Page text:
I have matrices for my syllabus but I don’t know where they find their use. I even asked my teacher but she also has no answer. Can anyone please tell me where they are used?

And please also give me an example of how they are used?

**Answer**

I work in the field of applied math, so I will give you the point of view of an applied mathematician.

I do numerical PDEs. Basically, I take a differential equation (an equation whose solution is not a number, but a function, and that involves the function and its derivatives) and, instead of finding an analytical solution, I try to find an approximation of the value of the solution at some points (think of a grid of points). It’s a bit more deep than this, but it’s not the point here. The point is that eventually I find myself having to solve a linear system of equations which usually is of huge size (order of millions). It is a pretty huge number of equations to solve, I would say.

Where do matrices come into play? Well, as you know (or maybe not, I don’t know) a linear system can be seen in matrix-vector form as

Ax_=b_

where x_ contains the unknowns, A the coefficients of the equations and b_ contains the values of the right hand sides of the equations.

For instance for the system

{2x1+x2=34x1−x2=1

we have

A=[214−1],x_=[x1x2]b_=[31]

For what I said so far, in this context matrices look just like a fancy and compact way to write down a system of equations, mere tables of numbers.

However, in order to solve this system fast is not enough to use a calculator with a big RAM and/or a high clock rate (CPU). Of course, the more powerful the calculator is, the faster you will get the solution. But sometimes, faster might still mean **days** (or more) if you tackle the problem in the wrong way, even if you are on a Blue Gene.

So, to reduce the computational costs, you have to come up with a good algorithm, a smart idea. But in order to do so, you need to exploit some property or some structure of your linear system. These properties are encoded somehow in the coefficients of the matrix A. Therefore, studying matrices and their properties is of crucial importance in trying to improve linear solvers efficiency. Recognizing that the matrix enjoys a particular property might be crucial to develop a fast algorithm or even to prove that a solution exists, or that the solution has some nice property.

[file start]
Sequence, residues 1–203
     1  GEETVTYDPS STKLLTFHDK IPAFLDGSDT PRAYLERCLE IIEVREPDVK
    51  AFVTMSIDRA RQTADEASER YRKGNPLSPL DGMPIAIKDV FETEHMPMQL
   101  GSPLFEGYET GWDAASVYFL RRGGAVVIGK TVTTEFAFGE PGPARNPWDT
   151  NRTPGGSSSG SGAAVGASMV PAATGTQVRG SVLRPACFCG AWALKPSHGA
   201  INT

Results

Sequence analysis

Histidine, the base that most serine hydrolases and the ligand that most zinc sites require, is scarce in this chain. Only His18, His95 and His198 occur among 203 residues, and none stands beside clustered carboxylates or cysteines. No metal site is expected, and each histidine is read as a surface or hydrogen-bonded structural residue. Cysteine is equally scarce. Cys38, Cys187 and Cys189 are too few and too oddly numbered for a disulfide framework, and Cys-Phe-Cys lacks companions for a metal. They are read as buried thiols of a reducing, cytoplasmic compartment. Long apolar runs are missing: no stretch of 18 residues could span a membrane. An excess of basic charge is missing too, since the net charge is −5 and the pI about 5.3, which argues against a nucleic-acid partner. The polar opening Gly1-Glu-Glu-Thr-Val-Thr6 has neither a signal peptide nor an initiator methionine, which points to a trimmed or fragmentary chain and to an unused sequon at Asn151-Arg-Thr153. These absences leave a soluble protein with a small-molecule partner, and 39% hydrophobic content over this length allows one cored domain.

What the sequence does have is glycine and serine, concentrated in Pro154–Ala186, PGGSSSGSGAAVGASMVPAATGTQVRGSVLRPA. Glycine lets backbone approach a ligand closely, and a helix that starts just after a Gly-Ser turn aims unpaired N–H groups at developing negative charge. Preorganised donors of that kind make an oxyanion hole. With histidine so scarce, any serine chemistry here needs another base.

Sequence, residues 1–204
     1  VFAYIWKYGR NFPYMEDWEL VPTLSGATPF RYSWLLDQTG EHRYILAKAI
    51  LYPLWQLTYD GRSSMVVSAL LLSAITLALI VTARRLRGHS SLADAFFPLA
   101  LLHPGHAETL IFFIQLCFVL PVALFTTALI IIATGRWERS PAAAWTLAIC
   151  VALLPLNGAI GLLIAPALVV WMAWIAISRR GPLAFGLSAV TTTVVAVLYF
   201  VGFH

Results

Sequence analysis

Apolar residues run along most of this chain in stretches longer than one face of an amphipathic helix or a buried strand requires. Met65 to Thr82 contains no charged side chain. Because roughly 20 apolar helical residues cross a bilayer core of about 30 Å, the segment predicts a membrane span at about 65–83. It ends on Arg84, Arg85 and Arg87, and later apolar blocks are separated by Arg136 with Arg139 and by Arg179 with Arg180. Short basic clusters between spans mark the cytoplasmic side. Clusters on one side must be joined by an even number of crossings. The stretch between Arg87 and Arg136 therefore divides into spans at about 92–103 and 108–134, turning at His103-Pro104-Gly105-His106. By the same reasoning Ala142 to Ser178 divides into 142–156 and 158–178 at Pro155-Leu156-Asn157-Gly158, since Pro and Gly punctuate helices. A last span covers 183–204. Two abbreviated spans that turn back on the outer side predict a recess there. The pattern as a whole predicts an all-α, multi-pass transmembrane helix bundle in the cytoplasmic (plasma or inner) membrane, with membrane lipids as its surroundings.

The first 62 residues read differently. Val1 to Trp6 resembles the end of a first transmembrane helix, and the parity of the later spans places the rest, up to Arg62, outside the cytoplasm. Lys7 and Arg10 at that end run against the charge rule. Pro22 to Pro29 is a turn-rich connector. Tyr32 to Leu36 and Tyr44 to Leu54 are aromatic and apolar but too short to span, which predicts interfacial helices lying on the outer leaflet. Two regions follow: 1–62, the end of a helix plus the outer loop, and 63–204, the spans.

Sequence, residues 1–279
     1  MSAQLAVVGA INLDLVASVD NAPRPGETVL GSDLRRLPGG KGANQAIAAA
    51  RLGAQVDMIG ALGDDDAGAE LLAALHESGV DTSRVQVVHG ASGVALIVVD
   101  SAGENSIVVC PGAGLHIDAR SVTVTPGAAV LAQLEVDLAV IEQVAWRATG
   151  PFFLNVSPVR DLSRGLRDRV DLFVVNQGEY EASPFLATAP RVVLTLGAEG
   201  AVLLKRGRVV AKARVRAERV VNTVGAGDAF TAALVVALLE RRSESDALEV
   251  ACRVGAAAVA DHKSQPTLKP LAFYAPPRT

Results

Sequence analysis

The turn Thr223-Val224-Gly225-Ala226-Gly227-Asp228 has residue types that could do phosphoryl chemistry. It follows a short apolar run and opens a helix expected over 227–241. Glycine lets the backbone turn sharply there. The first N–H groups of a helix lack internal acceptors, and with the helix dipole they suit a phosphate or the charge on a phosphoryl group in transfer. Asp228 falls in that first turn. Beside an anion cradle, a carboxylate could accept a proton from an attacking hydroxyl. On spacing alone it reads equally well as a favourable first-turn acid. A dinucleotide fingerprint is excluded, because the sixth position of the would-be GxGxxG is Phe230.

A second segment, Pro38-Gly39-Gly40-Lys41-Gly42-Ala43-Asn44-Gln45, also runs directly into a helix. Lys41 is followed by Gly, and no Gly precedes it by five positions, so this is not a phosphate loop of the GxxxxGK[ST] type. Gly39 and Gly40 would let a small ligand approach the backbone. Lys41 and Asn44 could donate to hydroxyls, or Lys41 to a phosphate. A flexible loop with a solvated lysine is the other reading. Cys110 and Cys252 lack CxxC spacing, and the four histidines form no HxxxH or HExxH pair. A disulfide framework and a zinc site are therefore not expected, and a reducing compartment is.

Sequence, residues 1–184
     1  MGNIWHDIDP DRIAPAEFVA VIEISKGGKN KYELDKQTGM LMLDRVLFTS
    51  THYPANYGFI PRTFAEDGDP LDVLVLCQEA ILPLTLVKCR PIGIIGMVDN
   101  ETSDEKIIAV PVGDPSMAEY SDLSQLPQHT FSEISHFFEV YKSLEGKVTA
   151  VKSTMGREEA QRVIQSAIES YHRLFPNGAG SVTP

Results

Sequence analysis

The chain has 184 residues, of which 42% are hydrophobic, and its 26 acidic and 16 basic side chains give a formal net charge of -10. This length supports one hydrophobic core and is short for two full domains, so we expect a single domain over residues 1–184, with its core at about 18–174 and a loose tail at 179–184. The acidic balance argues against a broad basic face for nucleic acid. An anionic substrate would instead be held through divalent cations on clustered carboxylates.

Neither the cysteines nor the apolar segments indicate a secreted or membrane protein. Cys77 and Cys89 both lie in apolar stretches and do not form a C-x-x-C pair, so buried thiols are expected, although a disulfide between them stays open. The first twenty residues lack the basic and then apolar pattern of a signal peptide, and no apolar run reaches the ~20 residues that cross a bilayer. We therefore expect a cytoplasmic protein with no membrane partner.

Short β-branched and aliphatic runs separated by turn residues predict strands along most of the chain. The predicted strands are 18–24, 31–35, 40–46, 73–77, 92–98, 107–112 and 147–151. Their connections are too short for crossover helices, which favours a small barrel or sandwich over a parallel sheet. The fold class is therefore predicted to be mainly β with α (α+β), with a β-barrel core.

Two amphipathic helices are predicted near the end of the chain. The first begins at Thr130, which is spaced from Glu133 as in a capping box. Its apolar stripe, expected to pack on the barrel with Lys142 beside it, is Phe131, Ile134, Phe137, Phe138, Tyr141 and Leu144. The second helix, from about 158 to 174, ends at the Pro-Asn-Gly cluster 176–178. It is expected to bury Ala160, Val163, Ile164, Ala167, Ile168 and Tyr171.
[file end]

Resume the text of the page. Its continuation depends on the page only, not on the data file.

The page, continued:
For instance, consider the linear system

[2−100−12−100−12−100−12][x1x2x3x4]=[1111]

which corresponds (in equation form) to

{2x1−x2=1−x1+2x2−x3=1−x2+2x3−x4=1−x3+2x4=1

Just giving a quick look to the matrix, I can claim that this system has a solution and, moreover, the solution is non-negative (meaning that all the components of the solution are non-negative). I’m pretty sure you wouldn’t be able to draw this conclusion just looking at the system without trying to solve it. I can also claim that to solve this system you need only 25 operations (one operation being a single addition/subtraction/division/multiplication). If you construct a larger system with the same pattern (2 on the diagonal, -1 on the upper and lower diagonal) and put a right hand side with only positive entries, I can still claim that the solution exists and it’s positive and the number of operations needed to solve it is only 8n−7, where n is the size of the system.

Moreover, people already pointed out other fields where matrices are important bricks and plays an important role. I hope this thread gave you an idea of why it is worth it to study matrices. =)

**Attribution***Source : Link , Question Author : Pranit Bauva , Answer Author : bartgol*